I can’t help but read cancer stories when they come across my social media feeds. It’s what we, cancer patients, do. We’re primarily searching for a couple things.
1. Treatments or lifestyle patterns that may lead to a favorable diagnosis down the line.
2. Conclusions of the story. We want to know if the person died or lived.
The first consideration is more a matter of practicality, and a healthy dose of wishful thinking, various degrees of desperation and blind hope. The second is…well, our biggest concern. Admittedly, I didn’t think reading about a patient’s unhappy ending would affect me as much as it does, but watching the little bits of my sister’s passing…I know how awful it is. And I don’t ever wanna go there, so when someone’s story brings them to those months of rapid deterioration and everything that comes with it…I can’t help but feel dejected.
Then there are the other stories…which fall into 2 categories. There is the ultimate NEC diagnosis, No Evidence of Cancer, that every patient wants to reach. Then there is the patient surviving cancer and living a full, rich and rewarding life despite the blackened cloud hanging precariously close. Again, I’ve found it surprising how uplifting these stories have been for me. To see others reach that NEC moment, continues to prove the possibility that others of us might find the same. It’s not always a losing proposition, and the more NEC and “thriver” stories out there, the more we think our chances aren’t so fragile.
I’m ashamed to admit though…I don’t always have such a positive reaction to these success stories. Lately, I’ve read of cancer patients living through their cancer experience with great comfort, managing their treatments, and essentially living the same lives they did prior to diagnosis. The emotional weight may be ever present, but their physical lives are relatively unchanged. They can work. They raise their kids. They go on vacations. They continue being physically active.
And that hits me hard.
At first I thought I was angry at their stories. Then frustrated. But then I realized…I’m jealous. I’m jealous because I read these stories about cancer patients surviving with their disease for 5, 10, 20 plus years as more of a minor inconvenience than a definitive physical complication, and I’m jealous because they got to keep their previous lives….and I didn’t.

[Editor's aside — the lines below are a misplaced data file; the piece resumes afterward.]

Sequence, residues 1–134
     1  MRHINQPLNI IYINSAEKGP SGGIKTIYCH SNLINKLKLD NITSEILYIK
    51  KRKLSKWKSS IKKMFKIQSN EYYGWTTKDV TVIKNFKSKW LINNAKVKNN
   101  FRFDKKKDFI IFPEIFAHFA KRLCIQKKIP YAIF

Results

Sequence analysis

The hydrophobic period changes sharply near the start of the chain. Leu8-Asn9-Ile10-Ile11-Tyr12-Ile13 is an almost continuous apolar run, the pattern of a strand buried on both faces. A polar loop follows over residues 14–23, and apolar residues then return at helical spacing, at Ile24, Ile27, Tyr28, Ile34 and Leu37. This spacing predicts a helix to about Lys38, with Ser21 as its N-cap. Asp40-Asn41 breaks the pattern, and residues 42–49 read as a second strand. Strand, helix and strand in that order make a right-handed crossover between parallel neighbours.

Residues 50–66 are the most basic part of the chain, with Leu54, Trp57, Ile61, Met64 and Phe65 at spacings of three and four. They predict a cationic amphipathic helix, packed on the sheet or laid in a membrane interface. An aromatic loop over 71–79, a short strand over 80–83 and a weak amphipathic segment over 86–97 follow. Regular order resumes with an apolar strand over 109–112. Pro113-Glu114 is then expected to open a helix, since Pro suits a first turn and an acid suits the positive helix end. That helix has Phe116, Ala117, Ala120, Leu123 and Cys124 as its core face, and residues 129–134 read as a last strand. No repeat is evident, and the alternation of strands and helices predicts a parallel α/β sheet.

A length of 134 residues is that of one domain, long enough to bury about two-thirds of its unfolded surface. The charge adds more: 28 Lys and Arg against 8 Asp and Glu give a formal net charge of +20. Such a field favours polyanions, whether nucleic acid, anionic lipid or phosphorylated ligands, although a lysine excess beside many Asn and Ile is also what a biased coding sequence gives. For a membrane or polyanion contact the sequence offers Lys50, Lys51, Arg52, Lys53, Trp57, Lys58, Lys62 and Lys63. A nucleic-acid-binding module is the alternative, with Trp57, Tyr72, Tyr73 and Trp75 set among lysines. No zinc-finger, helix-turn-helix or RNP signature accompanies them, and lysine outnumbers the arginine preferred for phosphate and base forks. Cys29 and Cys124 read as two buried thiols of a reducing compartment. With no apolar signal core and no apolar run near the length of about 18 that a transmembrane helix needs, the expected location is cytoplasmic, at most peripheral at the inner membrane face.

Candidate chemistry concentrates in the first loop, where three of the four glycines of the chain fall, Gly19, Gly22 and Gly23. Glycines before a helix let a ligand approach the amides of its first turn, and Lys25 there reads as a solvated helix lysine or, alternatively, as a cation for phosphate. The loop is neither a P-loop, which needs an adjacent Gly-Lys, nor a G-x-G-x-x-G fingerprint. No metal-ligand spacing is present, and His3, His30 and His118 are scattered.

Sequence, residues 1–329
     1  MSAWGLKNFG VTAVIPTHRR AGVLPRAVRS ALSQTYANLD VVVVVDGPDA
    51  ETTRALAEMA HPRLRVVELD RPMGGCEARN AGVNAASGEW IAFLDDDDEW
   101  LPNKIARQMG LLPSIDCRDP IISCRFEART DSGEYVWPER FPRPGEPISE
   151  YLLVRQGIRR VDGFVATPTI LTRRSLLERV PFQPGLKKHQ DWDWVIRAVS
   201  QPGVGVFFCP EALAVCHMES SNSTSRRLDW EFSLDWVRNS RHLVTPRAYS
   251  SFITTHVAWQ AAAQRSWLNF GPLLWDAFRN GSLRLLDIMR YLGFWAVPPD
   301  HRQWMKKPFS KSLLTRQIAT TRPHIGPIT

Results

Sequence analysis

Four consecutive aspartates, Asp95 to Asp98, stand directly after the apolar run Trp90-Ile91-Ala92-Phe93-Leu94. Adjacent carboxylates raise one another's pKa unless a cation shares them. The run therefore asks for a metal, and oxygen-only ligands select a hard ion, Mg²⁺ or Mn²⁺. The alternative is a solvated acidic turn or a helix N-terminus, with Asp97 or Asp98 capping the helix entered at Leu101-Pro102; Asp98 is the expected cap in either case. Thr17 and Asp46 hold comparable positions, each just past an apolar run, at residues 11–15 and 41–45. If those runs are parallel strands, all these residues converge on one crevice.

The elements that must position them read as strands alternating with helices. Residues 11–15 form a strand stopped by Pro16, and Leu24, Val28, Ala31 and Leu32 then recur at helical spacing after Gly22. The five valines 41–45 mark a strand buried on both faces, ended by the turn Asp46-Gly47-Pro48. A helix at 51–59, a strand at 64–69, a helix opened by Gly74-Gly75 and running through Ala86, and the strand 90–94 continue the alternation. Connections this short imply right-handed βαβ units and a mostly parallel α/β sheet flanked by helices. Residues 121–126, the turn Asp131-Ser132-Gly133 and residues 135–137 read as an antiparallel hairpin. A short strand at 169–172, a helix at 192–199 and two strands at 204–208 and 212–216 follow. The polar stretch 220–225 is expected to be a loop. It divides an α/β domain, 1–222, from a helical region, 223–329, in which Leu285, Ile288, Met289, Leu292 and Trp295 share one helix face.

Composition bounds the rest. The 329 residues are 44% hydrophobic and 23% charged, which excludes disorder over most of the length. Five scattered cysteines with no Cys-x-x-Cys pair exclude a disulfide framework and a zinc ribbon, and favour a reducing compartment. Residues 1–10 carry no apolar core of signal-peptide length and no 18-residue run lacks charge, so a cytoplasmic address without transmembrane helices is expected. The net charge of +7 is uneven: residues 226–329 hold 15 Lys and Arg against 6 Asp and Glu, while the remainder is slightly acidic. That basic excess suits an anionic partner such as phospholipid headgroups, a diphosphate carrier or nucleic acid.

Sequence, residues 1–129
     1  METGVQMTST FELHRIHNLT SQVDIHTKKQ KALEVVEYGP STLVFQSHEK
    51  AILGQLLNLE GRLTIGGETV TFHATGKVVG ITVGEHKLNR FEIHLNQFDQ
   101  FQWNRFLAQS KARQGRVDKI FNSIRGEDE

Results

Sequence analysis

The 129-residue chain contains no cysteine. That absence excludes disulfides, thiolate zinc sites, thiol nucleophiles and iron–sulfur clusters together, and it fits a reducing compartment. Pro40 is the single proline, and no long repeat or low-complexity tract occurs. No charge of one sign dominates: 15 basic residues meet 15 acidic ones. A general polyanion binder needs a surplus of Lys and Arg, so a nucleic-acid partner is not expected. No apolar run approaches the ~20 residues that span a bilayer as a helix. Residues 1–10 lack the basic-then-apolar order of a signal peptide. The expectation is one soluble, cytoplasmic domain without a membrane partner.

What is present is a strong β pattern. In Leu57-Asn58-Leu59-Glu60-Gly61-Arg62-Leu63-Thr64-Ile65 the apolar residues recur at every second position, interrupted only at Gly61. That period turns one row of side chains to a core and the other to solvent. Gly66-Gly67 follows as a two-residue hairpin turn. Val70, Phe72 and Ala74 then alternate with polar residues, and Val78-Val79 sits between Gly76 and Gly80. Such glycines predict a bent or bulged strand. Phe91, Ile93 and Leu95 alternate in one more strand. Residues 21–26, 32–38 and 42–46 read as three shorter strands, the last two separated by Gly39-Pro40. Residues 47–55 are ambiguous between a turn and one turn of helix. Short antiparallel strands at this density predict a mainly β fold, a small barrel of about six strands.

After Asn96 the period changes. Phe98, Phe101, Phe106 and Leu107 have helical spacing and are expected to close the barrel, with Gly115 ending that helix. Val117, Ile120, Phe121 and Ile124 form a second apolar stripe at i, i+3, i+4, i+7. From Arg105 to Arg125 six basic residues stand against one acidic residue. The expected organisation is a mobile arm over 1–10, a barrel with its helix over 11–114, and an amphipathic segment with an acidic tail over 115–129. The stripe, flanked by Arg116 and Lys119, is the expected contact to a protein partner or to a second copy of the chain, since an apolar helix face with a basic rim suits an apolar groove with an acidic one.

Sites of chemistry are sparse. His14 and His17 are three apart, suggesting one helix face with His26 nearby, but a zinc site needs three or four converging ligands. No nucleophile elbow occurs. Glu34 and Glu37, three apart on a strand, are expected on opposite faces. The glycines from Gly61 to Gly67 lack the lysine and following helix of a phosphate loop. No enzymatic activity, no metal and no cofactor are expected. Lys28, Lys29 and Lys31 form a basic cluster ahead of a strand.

I’m jealous because I’m a runner, and the combination of cancer and chemotherapy doesn’t allow me to be the runner I once was. To some degree, I can run with as much effort as I once did with cancer at it’s earlier stages…but it’s not the same with chemotherapy. I simply can’t hold on to the running life I had prior to diagnosis while going through treatment. So I can’t help but harbor a degree of jealousy towards these other survivors. I only wish my life could be the same. But it’s not.
I’ve hit the wall. But my wall is different. I’m up against the wall of drugs. I have so much ambition to run as much as possible right now. I’m not restricted by my body or motivation in any ways…it’s the drugs that are holding me back. I can only run so many miles before the blisters from hand and foot syndrome become too many, too problematic. I can only run so many miles before the neuropathy in my toes causes me to sustain injury from an altered gait. I can only run so fast before the decreased amount of red blood cells necessary to deliver oxygen to my legs and lungs begins to push back. I can only take so many deep breaths with periodic blockages in my intestines from a compromised digestive system and all the other fluids sent through my body during CAT Scans and infusions.
I’m just not the same. No matter how hard I want to push myself, while I’m going through treatment, I will never be able to reach the previous runner highs I sustained before. Until I’m off these chemicals, I will not be the person I was before diagnosis, I will not get back my old life.
So I’m jealous, when other patients get to experience cancer as an annoyance and go about their business.
But you know what…I wouldn’t trade them places. I know what I was and I know what I can still be when the poisons finally leave my body…whenever that is. I would never trade the abilities that lie dormant somewhere deep within me, for a different experience of cancer. I’ve never lost sight of my place among others going through similar times of adversity. I’m INCREDIBLY fortunate to be able to do what I can, to be holding cancer at bay, to be entering surgery again, to be as active as I am when others are doubled over from nausea, weakened from the toxicity, and bed-ridden from fatigue. I have been them, and will probably be with them again post-surgery…but only temporarily.
Because I’ll be rebuilding again, trying to get stronger and stronger, back to running, and if all goes as best as we can hope…with No Evidence of Cancer. And then I can finally get back to the life I had previously, that is as full, rich and rewarding as it can possibly be. No restrictions. No chemicals. No boundaries.
Believe me, I dream of that day. When I feel the ground beneath my feet, through my heels, the forefoot, and each and every toe. When I feel my lungs breathe easy, and my pace rise higher and higher without effort. When the pains around my toes dissipate to nothing. And I can run, with no other thought except running.
I’m envious and jealous of those stories now, but soon I hope to only be focusing on my own again. 25 days till square one.